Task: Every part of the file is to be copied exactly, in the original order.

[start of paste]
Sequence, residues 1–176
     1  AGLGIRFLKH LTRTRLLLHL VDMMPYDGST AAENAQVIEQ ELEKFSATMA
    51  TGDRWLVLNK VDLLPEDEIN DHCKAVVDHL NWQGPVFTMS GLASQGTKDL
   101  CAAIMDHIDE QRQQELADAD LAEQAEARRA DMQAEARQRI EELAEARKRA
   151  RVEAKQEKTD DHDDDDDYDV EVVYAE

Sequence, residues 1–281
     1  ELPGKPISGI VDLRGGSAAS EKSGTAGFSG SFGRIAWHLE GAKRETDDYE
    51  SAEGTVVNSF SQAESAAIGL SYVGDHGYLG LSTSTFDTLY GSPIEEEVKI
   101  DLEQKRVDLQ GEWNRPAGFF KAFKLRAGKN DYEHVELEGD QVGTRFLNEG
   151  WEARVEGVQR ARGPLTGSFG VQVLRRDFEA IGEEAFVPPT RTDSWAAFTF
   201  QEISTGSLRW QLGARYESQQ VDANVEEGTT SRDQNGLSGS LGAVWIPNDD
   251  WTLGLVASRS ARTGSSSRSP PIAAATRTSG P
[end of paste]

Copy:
Sequence, residues 1–176
     1  AGLGIRFLKH LTRTRLLLHL VDMMPYDGST AAENAQVIEQ ELEKFSATMA
    51  TGDRWLVLNK VDLLPEDEIN DHCKAVVDHL NWQGPVFTMS GLASQGTKDL
   101  CAAIMDHIDE QRQQELADAD LAEQAEARRA DMQAEARQRI EELAEARKRA
   151  RVEAKQEKTD DHDDDDDYDV EVVYAE

Sequence, residues 1–281
     1  ELPGKPISGI VDLRGGSAAS EKSGTAGFSG SFGRIAWHLE GAKRETDDYE
    51  SAEGTVVNSF SQAESAAIGL SYVGDHGYLG LSTSTFDTLY GSPIEEEVKI
   101  DLEQKRVDLQ GEWNRPAGFF KAFKLRAGKN DYEHVELEGD QVGTRFLNEG
   151  WEARVEGVQR ARGPLTGSFG VQVLRRDFEA IGEEAFVPPT RTDSWAAFTF
   201  QEISTGSLRW QLGARYESQQ VDANVEEGTT SRDQNGLSGS LGAVWIPNDD
   251  WTLGLVASRS ARTGSSSRSP PIAAATRTSG P